“Nikko! Get the table ready, the food is done!”
Piping hot bowls filled with bakareta, a beef stew with tomato sauce, carrots, and potatoes, and pancit, a noodle dish. My dad serves all of us. My family sits down at the table and we are shouting hallelujahs because of the good food we are about to eat. “Alana, Nikko, Deby, come on eat some more,” my parents would insist. My dad makes a face with his eyebrows raised, always starting up a conversation.
“Ha, see Nikko, you’re not eating anything like this in Boston. You miss this food, right?” I mumble with my mouth full, “Yup,” and we all laugh and smile. And man, does that hit the spot. To be eating great food with your family. That hits the spot more than the beef and rice hits the pit of my stomach. “It’s that experience, man,” I would say in my head, like the movie scene of Frodo happily drinking with the other hobbits at the Shire bar.
Oh man, but there is a bad part about eating with your family. And that would be the questions. Especially the questions asked by parents. Especially the repetitive questions asked by my dad, with the huge lion voice that is installed in every male of the Salvador family.
“Nikko…so what is your major now in school? Nikko…what are the graduate schools you want to apply to? Nikko, why do you and your group of friends only play jazz? Play something else too.”
“I just want to eat right now,” I say. “I don’t want to answer all these questions like it’s some interview.”
Another subject comes to save the dinner experience. Sometimes my dad and mom share stories of what happened at work the other day, or maybe a funny story of their past or when me and my sister were little kids, or maybe a story of my baby niece saying something funny.
“Deby, remember the time when you and me first arrived here in America and you met your dad? You said in Tagalog, ‘I don’t like you!’”
“So funny! And when Alana went up to me, stuck her finger up my nose, and said ‘smelly.’” Laughter would consume us naturally.
There was one day, however, where my mom and sister got into a serious fight right before we all sat down to eat.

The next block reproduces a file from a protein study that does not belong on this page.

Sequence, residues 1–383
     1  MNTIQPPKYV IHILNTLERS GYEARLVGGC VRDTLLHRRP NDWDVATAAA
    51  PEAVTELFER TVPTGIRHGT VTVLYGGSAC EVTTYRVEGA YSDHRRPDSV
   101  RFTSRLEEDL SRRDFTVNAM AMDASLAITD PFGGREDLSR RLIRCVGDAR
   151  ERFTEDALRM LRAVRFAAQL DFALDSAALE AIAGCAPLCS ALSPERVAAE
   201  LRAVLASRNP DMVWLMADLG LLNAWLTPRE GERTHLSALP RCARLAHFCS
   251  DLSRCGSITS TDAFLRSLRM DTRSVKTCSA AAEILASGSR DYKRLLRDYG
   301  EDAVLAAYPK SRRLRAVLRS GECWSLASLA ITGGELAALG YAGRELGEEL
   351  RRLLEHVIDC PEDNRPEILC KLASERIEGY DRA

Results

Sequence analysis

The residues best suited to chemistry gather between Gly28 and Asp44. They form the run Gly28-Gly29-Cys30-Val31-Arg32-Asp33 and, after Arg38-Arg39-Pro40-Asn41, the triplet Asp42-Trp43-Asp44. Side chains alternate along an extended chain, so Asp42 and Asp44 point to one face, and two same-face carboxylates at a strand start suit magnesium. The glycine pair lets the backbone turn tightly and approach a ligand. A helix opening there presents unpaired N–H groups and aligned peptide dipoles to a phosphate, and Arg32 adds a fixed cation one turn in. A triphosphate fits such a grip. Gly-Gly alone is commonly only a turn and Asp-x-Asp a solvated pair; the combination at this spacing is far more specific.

“We’re working so hard to support you and Alana! Just to bring you to school and buy you things you need! You have this ungrateful attitude!”
“No, I don’t! You just don’t understand anything and take everything the wrong way!”
Here we go again. I don’t remember the reason why they fought, but they always disagree about a lot of things. My baby niece was actually quiet and not shouting and singing Disney tunes like she usually does 24/7, and she had this sad face that I’d never seen before. Her playful attitude was gone in a second. Everything was awkward when they were done, and all I remember was my dad telling them to stop and for me to change the plates and glasses because it was just “not good” to eat off something that has just experienced a bad event.
“Okay… okay… no more. Stop now, we can’t do this in front of the table of food. It’s bad karma and bad luck. Nikko, change the plates, spoons, glasses, and the servings. It has to be brand new.”
“Because it’s bad luck. The food that brings us together just experienced a negative event in our family. We cannot continue after that event; we have to restart it with a new event, with all of us eating together.”
I thought about that after we ate in silence. The silence was unbearable, and my dad was trying to start a conversation at the dinner table while my mom was in her room silent and angry. But then I thought about my whole family, including my grandma, grandpa, uncles, aunties, cousins, nieces, and nephews. When there’s a big party we eat so much and drink so much alcohol and laugh the whole night away. Everyone has some sort of cholesterol or high blood pressure problem, yet when we eat as a family, there is this happiness in the air like nothing bad will happen. Maybe it’s a Filipino thing. There’s this fish dish my dad makes all the time when we eat, but me, my mom, and my sister don’t like it at all since it smells strong. Yet my dad loves it. I asked one time, “Dad, you made this really good beef spare rib stew, but you’re only eating the fish you make every time.”
“Well balong, your Nanang cooked this for me and your uncles when we were young and poor, and we were happy eating it together,” he said. “And since I make so many types of food as a chef, I always miss the things that I ate as a child in Sinait.”
What I learned from my dad is that eating food is more than just filling a stomach; it is a happy, satisfying experience. He told me that even though the food he makes is great, it tastes a million times better when you eat with the people you love. Because when you share food you also share stories, and learn even more about your family. Because he told me these things, I take breakfast, lunch, and dinner seriously, especially with family, friends, or other people that may be with you at the moment.